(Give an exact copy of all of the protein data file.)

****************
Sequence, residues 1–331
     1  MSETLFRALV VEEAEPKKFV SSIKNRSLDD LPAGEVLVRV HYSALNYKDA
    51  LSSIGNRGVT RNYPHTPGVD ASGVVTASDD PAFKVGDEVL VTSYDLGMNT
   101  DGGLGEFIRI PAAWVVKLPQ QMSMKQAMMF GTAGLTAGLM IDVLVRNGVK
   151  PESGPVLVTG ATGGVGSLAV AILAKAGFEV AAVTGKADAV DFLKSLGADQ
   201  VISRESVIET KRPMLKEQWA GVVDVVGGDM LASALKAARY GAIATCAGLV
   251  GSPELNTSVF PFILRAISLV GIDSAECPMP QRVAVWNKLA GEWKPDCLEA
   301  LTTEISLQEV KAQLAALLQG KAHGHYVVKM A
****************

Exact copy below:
Sequence, residues 1–331
     1  MSETLFRALV VEEAEPKKFV SSIKNRSLDD LPAGEVLVRV HYSALNYKDA
    51  LSSIGNRGVT RNYPHTPGVD ASGVVTASDD PAFKVGDEVL VTSYDLGMNT
   101  DGGLGEFIRI PAAWVVKLPQ QMSMKQAMMF GTAGLTAGLM IDVLVRNGVK
   151  PESGPVLVTG ATGGVGSLAV AILAKAGFEV AAVTGKADAV DFLKSLGADQ
   201  VISRESVIET KRPMLKEQWA GVVDVVGGDM LASALKAARY GAIATCAGLV
   251  GSPELNTSVF PFILRAISLV GIDSAECPMP QRVAVWNKLA GEWKPDCLEA
   301  LTTEISLQEV KAQLAALLQG KAHGHYVVKM A